Synopses & Reviews
The poems in Dreaming at the Gates of Fury: New and Selected Poems
span 50 years, from the height of the Civil Rights movement to the
invasion of Iraq, and reflect the author's involvement in social
protest and anti-war movements.
range in tone from the satiric to the celebratory. There is a touch of
Catullus in the sixties poems, where Taylor observes characters
struggling for personal liberation from stifling conventions, and a
savage but comic irony in such political poems as "President
Reagan's Song." Some of these poems, such as
"Walking," also dramatize the struggles of the wayward
heart in a voice that is sometimes romantic but never sentimental so
that the reader knows that the emotions are earned. In fact, the voice
in these poems abhors sentimentality and the "easy fixes"
offered by popular commercial culture, as in the final poem, "Is
I must have lived my life all wrong,
never having had any grief counselors
or psychologists to comfort me on every move—
Imagine! —I endured the death of my friend
all by myself and for me every new town
was a great adventure. Maybe that’s why
I seldom cry at movies and am always ready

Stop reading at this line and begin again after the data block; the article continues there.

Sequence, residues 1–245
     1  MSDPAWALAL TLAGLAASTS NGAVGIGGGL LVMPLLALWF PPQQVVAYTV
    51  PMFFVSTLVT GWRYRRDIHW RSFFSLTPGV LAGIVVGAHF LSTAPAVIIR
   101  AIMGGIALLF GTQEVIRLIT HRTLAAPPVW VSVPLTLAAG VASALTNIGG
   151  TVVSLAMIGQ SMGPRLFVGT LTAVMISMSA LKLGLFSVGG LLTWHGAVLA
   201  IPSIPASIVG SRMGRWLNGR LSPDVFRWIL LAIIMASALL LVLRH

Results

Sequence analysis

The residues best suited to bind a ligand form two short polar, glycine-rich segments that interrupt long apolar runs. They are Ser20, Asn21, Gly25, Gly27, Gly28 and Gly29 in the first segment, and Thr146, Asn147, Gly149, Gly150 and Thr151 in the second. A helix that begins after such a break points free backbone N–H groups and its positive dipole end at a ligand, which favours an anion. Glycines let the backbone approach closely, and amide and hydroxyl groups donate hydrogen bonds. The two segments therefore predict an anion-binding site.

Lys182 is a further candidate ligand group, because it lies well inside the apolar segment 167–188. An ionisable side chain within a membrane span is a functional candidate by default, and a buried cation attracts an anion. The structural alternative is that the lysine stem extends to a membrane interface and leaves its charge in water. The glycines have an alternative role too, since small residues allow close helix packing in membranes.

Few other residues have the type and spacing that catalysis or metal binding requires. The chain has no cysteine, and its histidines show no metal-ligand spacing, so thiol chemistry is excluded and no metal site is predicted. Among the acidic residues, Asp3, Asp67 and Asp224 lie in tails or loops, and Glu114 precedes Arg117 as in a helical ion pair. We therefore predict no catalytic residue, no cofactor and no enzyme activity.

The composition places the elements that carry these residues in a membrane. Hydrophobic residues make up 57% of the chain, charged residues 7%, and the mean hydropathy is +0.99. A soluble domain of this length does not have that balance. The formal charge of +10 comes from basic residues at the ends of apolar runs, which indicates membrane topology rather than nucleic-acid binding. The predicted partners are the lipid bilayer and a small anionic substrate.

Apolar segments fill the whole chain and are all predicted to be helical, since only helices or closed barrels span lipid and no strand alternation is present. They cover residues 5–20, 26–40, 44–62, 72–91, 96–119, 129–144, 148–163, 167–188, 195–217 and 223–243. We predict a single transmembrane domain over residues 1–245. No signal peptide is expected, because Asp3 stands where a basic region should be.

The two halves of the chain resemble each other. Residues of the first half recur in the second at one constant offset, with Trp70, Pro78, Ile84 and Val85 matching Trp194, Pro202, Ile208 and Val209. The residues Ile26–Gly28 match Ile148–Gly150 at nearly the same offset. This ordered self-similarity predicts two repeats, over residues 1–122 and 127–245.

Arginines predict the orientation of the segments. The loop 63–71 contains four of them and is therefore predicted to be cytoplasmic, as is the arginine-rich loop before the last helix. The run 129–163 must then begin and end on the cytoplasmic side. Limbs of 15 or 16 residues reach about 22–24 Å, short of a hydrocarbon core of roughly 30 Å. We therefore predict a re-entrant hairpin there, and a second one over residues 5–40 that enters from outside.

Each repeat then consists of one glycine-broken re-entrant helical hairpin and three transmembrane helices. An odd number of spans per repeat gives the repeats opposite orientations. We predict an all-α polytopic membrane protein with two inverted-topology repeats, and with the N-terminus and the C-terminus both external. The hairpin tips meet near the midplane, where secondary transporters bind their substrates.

to kiss death on the mouth.
conversational, satiric or elegiac, these poems communicate in a direct
and clear language a lived life struggling to fully realize its
humanity by fighting for the humanity of others. Taylor's voice is
indeed a rare voice today when so much poetry merely spins its chariot
wheels in the ditch of self-absorption.
"Taylor's poems sing to me. They're deeply political, yet not defined by that alone. They are redolent of all the things that make up a life, and they weave together the many threads that give life texture and meaning. They are a profound 'yes!' to the adventure and challenge and wonder of living. If only for that reason alone they are worth reading." Chris Faatz, Powells.com
(read the entire Powells.com review
About the Author
Alexander Taylor has been Co-Director of Curbstone Press since its founding in 1975. The founder of two literary magazines, Patterns
and The Wormwood Review
, he has worked most of his adult life as an editor and teacher.
He was Poet-in-Residence at Central Connectiuct State University in 1974 and 1976. Author of four books of poetry, Clear Water, Zadar, Love Is a Terrible Light, and Voices in the Park,
he has also translated extensively from Danish literature. His poems
and translations have appeared in numerous magazines, including CafE Review, Cedar Hill Review, Common Ground, the Connecticut Review, Kayak, the Massachusetts Review, the Minnesota Review, Northern Lights, Rattle, and the Unrealist.
He has also been the
recipient of numerous grants for writing and translating, including
support from the National Endowment for the Arts, Connecticut
Commission on the Arts, The American Philosophical Society, The
American Council for Learned Societies, and the Danish Academy.
He lives in Willimantic, Connecticut.